Last Updated on May 8, 2015, by eNotes Editorial. Word Count: 389
TO BE A PILGRIM is the second novel in a trilogy published in the early 1940’s (the other titles are HERSELF SURPRISED, 1941, and THE HORSE’S MOUTH, 1944). Each novel may be read by itself with satisfaction but is best read with its companions. In the trilogy, each novel is given over to a single character who tells his or her story. The basic scheme of the trilogy involves the conflict between the conservative attitude represented by the lawyer and landholder Tom Wilcher (TO BE A PILGRIM), and the liberal attitude represented by the painter Gulley Jimson (THE HORSE’S MOUTH). Joyce Cary also attempts to create a rich overlap of the three subjective worlds.
Tom Wilcher is an old man when he tells his story. Indeed, his novel is one of the supreme studies of old age. All of his life, he has obeyed the injunctions of duty. He has persevered as a lawyer, while his brother Edward enters, then abandons, politics for art and an expatriate life. He has maintained the family estate of Tolbrook and has never married. His narrative is a moving reflection upon England’s past traditions and is also a superb depiction of history as lived experience. In his recounting of his life, Tom Wilcher shows readers vividly the virtues of a concern with the past and with tradition. For him, the past is more alive than the present, and he manages to make it so for the reader. His concern with tradition is not mere stiff-legged conservatism but a vital need for a sense of continuity. Cary’s sympathetic portrait of Wilcher is set against his equally sympathetic portrait of the artist and image breaker Gulley Jimson in THE HORSE’S MOUTH.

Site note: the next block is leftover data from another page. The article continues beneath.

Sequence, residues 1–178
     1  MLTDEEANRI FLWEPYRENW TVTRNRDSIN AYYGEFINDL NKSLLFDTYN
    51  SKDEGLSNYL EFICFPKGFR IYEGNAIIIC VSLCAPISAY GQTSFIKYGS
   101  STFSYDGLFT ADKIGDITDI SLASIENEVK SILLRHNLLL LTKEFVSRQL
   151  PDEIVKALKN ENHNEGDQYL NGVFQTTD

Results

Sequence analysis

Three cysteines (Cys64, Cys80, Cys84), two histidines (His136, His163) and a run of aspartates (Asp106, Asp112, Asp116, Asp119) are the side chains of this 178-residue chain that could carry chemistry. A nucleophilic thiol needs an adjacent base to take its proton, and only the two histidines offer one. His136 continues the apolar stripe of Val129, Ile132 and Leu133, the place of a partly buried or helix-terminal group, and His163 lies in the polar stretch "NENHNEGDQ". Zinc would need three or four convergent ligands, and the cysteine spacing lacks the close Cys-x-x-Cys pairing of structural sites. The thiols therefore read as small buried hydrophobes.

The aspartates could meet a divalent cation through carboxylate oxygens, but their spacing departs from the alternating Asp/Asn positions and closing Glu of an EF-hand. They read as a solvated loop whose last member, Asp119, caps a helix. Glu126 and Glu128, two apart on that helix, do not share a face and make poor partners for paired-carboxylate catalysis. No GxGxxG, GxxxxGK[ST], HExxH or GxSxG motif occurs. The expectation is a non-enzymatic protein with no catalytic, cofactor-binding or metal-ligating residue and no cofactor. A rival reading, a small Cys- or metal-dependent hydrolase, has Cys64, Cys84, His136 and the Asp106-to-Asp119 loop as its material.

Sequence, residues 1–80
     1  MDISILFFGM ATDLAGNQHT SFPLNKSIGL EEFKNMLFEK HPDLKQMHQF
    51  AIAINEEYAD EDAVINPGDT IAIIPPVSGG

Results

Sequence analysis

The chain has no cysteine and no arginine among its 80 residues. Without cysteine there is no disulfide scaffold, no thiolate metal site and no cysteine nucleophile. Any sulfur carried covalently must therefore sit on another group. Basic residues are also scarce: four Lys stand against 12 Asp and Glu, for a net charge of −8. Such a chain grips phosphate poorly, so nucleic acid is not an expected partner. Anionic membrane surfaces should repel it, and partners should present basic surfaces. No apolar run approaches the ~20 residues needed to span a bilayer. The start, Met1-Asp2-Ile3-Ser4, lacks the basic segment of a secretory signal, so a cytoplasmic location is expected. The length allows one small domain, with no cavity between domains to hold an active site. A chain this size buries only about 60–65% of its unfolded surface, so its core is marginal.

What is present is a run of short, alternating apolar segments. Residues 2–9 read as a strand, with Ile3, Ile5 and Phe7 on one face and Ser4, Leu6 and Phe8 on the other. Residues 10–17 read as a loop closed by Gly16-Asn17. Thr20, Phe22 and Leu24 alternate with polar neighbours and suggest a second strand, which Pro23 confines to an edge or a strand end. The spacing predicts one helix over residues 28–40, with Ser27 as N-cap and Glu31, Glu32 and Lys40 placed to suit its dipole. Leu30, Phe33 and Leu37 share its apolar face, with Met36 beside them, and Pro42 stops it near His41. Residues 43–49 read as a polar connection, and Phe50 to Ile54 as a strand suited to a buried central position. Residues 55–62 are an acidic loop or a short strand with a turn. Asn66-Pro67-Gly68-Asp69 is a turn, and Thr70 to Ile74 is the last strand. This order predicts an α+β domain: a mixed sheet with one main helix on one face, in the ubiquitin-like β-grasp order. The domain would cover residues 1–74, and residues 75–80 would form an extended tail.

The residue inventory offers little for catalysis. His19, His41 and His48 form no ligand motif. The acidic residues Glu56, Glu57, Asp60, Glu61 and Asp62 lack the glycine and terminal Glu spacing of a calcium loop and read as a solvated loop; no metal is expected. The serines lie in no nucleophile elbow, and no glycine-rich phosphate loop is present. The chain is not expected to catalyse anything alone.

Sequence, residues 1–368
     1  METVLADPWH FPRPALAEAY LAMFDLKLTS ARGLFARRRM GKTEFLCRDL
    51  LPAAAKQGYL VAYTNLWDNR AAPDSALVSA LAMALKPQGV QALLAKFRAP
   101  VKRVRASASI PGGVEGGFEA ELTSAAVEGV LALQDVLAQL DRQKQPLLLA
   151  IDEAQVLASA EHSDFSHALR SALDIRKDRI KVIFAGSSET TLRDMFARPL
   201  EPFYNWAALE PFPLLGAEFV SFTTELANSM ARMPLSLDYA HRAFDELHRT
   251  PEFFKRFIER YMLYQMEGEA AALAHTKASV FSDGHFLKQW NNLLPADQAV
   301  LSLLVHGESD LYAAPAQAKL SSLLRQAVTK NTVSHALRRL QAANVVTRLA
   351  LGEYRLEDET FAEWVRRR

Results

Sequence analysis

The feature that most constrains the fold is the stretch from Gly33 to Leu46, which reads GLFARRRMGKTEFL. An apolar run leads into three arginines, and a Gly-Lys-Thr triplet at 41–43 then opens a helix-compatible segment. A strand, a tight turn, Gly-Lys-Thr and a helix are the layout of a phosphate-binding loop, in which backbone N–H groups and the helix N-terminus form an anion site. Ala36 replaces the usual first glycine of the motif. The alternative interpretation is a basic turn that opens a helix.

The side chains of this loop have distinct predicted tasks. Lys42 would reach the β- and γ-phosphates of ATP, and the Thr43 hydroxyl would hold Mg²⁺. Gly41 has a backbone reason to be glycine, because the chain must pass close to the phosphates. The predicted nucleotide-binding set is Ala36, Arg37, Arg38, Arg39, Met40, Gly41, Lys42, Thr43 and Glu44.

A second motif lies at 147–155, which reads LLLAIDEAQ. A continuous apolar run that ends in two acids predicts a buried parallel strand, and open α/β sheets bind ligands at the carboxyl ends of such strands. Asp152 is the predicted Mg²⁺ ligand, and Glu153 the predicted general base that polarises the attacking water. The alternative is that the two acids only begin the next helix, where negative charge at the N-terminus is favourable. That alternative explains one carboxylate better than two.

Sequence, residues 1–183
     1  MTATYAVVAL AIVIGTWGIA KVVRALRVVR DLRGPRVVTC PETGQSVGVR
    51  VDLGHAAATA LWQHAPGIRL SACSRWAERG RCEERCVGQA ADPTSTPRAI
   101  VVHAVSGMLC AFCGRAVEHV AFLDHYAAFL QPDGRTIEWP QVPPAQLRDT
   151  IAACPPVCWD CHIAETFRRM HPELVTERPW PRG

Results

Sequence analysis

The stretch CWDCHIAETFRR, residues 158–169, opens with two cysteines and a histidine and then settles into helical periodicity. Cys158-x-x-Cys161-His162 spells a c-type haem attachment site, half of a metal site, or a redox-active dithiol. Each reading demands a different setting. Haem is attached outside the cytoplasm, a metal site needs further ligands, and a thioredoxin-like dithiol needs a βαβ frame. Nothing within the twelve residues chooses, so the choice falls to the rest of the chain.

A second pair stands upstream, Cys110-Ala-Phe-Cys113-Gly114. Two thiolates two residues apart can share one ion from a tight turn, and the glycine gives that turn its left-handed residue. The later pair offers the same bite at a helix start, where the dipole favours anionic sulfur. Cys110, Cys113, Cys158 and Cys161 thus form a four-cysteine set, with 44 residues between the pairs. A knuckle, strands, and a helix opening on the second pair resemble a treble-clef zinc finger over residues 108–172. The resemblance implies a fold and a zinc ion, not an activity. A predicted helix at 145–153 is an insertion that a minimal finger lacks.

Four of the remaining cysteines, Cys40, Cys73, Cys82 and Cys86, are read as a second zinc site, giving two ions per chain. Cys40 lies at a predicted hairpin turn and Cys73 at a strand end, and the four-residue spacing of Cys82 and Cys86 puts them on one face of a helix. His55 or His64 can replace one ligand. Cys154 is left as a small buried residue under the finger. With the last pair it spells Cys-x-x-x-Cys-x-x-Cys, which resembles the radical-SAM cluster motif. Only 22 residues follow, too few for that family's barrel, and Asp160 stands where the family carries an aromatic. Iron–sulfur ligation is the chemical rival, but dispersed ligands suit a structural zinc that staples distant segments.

Through the use of his narrator, Cary is able to develop the character of Tom Wilcher—a representative of a vanishing type of Englishman—with power, sympathy, and depth. In addition, the technique of the novel allows the author to explore many of the other characters fully. Ann comes to stand as the symbol for the modern, emancipated, scientific young woman. Robert represents the attempt of the new farmer to get back to the soil. The novel is told with a great deal of humor and insight and is an integral part of Cary’s full, varied, complex, interrelated fictional world.
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